An admitted shoe geek waxes philosophical about running, triathlon, and life in general.
Comments welcome!

Wednesday, March 29, 2017



I’ve had some issues with darkness lately. And apparently I’m not alone.

It started last Wednesday, when I left my home to go to the day job.  

Night-time darkness. You know, lack-of-daylight. And cars. Read on…

I regularly leave home to go to work anywhere from 4:00 to 5:00am. My normal routine is to start the car and turn on the parking lights so I can see the dashboard. I don’t turn on the headlights until I pull out of my driveway and onto the road so as to not shine them into the neighbor’s windows. So on this particular day, I followed this routine, and the result was… nothing. No headlights. I tried again, and still had nothing but darkness ahead of me.

A quick turn-around, back into the driveway, and I went inside the house to get a flashlight. I checked the fuses (after firing up the laptop and consulting with Mr. Google to get a look at the fuse diagram), and they all looked good. The puzzling thing was that the high beams worked just fine, it was just the low beams that wouldn’t work.

A quick search online pointed to the possibility of a relay being the culprit.

I took my wife’s car to work, and on the side of my job did some searching around to find the relay part at a local store, all of about $6. Picked it up on my way home, thinking I’d gotten off easy… And nothing. Again.

Further searching pointed to the multi-switch on the steering column as the next-most-likely item to eliminate in the cascade of possible causes (and next cheapest at $35).

The fear was that this might not solve the issue. Apparently this is an issue that is fairly wide-spread, across many Honda models and years. Mine is a 2005 Element, a car that I love for its interior space and utility. Carrying two bikes inside on fork mounts and being able to keep one of the rear seats inside (90% of the time with a child seat attached) is a boon. In an online search, I found the same issue reported by many, many people, ranging from Elements, Pilots, Accords, and even a couple Acura models, spanning several years from the mid-oughts (2003-2008). If you have a Honda product from that era, take heed. The issue isn’t in the easy and cheap parts to replace, but in the wire harness that leads to the steering column multi-switch. The wire in the connector to that left stalk has a nasty tendency to overheat, warping the connector and then losing connection.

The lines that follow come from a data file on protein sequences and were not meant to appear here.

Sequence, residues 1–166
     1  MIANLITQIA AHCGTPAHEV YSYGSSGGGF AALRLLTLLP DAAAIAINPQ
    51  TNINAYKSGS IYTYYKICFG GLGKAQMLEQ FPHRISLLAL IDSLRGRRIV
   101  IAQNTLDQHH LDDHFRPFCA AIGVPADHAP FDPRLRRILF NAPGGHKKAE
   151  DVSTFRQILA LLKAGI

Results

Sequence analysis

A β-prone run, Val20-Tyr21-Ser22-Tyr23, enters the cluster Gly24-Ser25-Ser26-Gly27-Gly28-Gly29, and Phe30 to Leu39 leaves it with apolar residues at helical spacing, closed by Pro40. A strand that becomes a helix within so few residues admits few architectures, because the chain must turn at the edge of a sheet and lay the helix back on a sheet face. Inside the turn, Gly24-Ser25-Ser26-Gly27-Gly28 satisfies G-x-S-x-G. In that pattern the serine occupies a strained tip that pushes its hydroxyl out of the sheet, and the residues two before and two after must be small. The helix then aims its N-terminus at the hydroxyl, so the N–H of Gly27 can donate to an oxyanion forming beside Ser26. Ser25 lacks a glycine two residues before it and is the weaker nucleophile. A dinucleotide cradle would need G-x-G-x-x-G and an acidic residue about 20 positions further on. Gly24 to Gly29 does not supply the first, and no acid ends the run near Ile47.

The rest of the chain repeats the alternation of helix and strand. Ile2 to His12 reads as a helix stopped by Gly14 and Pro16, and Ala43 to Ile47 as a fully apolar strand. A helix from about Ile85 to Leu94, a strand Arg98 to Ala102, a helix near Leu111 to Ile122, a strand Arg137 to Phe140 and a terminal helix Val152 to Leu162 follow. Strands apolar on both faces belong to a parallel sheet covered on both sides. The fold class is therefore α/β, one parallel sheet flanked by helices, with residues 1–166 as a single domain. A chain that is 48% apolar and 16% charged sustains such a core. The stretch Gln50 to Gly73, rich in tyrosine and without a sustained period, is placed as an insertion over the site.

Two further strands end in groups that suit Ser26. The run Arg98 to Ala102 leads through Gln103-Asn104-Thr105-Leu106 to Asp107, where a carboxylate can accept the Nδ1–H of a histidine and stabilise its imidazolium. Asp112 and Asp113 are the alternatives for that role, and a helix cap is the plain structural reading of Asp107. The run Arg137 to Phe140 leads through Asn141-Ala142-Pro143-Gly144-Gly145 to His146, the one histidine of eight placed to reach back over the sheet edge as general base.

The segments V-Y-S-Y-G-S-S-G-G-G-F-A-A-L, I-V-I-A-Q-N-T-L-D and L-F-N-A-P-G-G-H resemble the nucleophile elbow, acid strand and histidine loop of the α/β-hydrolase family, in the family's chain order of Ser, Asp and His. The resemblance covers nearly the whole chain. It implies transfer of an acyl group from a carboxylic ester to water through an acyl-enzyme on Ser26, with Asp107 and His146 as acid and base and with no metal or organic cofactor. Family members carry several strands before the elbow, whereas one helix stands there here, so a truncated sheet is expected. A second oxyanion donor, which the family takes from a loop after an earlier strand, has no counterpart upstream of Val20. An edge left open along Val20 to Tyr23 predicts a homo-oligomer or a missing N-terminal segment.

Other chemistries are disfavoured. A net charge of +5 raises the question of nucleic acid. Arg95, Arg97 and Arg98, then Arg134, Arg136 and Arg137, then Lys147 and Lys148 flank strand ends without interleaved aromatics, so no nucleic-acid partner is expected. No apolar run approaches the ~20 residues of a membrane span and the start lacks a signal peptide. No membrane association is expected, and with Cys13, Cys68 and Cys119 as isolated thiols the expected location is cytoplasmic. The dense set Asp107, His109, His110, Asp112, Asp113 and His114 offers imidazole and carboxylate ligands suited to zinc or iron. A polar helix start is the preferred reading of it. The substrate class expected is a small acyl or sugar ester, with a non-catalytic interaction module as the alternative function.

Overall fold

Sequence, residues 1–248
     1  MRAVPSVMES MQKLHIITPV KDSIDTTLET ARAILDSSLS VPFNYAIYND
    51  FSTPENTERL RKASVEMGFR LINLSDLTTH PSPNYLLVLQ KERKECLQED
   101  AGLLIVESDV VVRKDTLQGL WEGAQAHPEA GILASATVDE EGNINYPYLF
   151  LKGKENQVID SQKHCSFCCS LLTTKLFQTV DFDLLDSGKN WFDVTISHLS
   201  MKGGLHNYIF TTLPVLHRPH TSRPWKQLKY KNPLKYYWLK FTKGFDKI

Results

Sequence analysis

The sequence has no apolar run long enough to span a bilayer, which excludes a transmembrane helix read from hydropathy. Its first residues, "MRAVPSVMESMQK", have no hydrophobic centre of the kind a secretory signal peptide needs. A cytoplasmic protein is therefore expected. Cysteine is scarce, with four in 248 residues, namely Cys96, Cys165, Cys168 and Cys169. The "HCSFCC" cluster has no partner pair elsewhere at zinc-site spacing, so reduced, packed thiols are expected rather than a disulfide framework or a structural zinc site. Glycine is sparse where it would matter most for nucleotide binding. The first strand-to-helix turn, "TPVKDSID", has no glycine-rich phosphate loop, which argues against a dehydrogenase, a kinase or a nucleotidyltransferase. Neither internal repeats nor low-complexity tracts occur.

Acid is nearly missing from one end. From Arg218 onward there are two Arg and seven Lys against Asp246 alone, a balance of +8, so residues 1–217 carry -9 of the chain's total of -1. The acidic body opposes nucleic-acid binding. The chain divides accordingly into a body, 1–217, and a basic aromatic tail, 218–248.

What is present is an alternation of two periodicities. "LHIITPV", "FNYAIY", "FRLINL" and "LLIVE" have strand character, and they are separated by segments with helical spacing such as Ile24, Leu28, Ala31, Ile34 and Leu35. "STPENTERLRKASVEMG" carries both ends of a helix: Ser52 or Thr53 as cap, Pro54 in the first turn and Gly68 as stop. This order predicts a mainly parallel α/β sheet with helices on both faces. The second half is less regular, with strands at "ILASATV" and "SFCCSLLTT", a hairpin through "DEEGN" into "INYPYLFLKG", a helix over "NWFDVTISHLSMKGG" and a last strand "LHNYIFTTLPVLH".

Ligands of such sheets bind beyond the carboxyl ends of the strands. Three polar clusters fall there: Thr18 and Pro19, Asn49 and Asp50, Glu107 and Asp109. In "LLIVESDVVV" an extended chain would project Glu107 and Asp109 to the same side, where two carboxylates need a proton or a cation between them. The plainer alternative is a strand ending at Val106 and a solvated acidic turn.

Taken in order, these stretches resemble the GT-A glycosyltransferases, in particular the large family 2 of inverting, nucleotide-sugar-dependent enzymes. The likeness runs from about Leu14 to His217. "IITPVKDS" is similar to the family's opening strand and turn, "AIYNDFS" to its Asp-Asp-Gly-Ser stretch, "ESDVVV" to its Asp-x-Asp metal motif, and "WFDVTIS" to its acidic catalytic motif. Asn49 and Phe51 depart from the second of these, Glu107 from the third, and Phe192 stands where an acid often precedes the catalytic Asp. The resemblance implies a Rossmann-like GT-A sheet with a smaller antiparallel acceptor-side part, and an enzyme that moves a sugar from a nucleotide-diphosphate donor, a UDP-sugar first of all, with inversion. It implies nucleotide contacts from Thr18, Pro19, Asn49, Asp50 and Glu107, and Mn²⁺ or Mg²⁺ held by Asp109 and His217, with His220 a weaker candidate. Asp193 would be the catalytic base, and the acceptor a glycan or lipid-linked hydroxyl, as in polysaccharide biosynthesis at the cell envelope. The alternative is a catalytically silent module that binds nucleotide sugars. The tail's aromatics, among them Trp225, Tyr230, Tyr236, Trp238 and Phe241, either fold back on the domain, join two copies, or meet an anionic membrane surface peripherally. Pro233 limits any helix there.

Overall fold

The wire harness itself is cheap. The labor involved to be able to disconnect and install a new one at the lower end requires the entire dashboard to be removed. Shop standard for that operation is 6 hours. To do a 5-second swap of a wire harness. Nine-hundred-eighty-eight dollars later, after a weekend in the shop waiting for the parts to come in from Portland, it’s back on the road.

Why this isn’t a recall item from Honda is beyond me. I’m sure the bean counters are driving this. Maybe it’s not a safety issue because you still have high beams available.

So I had to ride my bike to work for three days. That in itself isn’t torture, but the days weren’t exactly what I’d call dry (we haven’t had much of that lately). It forced me into some fender exploration on my grunge bike. I picked my car up yesterday afternoon, and immediately had the opportunity to exercise that new wore harness driving home from my elder daughter’s choir concert. The headlights all work now. The multi-switch has a slightly different feel, but it works okay.